The commissioning bill (H.R. 608) originally found strong support in the House of Representative, and was tacked onto the FY 1993 DOD bill. The DOD bill, with H.R. 608 going along for the ride, passed in the House by a vote of 198-168.
Next, the Senate Manpower and Personnel Subcommittee of the Senate Armed Forces Committee, chaired by Sen. John Glenn (D-OH), met to consider the DOD bill. At the end of May, Senator Glenn acknowledge his support of commissioning DCs in the military, and his subcommittee accepted the DOD bill, chiropractic and all.
The action of the Manpower Subcommittee capped nearly two years of both highly visible and often behind-the-scenes efforts to win support for the chiropractic commissioning bill in the Senate, according to Dr. Kurt Hegetschweiler, chairman of the ACA's Legislative Committee.
Beginning July 22 and concluding July 24, the full Senate Armed Services Committee, chaired by Senator Sam Nunn (D-GA), affirmed the decision of Senator Glenn's Manpower Subcommittee to approved the DOD bill.
"With the Armed Services Committee action behind us, we have now successfully passed our major hurdle in the Senate," said ACA legislative strategist Mark Goodin. "This action paves the way for full Senate approval and subsequent agreement on the proposal by the House and Senate conferees -- greatly increasing the likelihood of final congressional approval of the initiative in this session of Congress."
According to officials in the ACA's Department of Governmental Relations, other members of the Manpower Subcommittee who played important roles in advancing the initiative were Senators John McCain (R-AZ), ranking member of the subcommittee and Ted Kennedy (D-MA). At the full committee level, both Chairman Nunn and soon-to-be ranking minority member Thurmond helped win approval of the measure.
"Denying our dedicated service members access to chiropractic care, which is otherwise widely available in our society, is an unfair and outdated policy, said Senator Thurmond. "Doctors of chiropractic are just as qualified in their area of expertise as any other medical professionals now accorded commissioned officer status." Senator Thurmond expressed his pleasure that the other members of the Armed Services Committee "agree with me that chiropractors should have an opportunity to be commissioned in the military if they wish."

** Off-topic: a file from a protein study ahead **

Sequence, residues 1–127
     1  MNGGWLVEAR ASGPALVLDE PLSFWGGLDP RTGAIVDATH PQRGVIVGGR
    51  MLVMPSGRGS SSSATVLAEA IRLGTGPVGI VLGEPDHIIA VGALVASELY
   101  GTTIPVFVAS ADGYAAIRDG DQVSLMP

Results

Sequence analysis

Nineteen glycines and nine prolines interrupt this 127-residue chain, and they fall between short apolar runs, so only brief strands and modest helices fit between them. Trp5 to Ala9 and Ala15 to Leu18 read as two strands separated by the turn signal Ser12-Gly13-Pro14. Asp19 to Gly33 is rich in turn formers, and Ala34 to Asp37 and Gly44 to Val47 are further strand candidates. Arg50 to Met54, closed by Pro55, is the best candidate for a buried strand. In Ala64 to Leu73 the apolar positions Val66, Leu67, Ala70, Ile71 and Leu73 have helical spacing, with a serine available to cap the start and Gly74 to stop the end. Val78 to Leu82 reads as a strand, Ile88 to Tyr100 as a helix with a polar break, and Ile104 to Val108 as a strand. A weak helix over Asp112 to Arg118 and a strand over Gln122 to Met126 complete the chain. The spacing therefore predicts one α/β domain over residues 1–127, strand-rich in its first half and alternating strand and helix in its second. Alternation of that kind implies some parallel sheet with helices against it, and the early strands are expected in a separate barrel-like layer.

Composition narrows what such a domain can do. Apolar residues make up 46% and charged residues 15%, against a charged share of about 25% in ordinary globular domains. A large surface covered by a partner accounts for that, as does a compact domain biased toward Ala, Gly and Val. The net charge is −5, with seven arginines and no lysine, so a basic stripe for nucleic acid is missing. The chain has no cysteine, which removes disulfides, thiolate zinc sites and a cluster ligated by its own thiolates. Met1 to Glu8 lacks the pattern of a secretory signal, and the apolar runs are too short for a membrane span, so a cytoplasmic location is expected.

Although prospects for final congressional approval now appear quite favorable, the legislation must get by the full Senate and a House/Senate conference designed to work out differences between the two DOD Authorization bills.
One remaining concern is whether or not the total legislative package will, for reasons not related to the chiropractic portion, provoke a presidential veto which could delay the enactment of the legislation.
In its present form, the House version of the DOD Authorization bill, which substantially reduces military spending below limits requested by the Bush Administration, is reportedly a strong candidate for a veto. The Senate and House will need to agree on a substantial compromise regarding the more controversial elements of the House bill if the DOD bill is to survive.
You may direct letters of support to your Senator at the following address:
The Honorable (Name of Senator)
United States Senate
Washington, D.C. 20510
Editor's Note: The issue of commissioning DCs in the military has never gone this far in the legislative process. The lobbying efforts of the ACA and ICA have reaped marvelous results. But the influence of the many letters from individual DCs to their representatives cannot be underestimated. Now is not the time to relax and admire the accomplishments of the profession, but to redouble the letter writing campaign to you Senators. Remember, the full Senate has yet to vote on the DOD bill; further, we must encourage the chiropractic commissioning portion of the bill be retained as part of the DOD bill.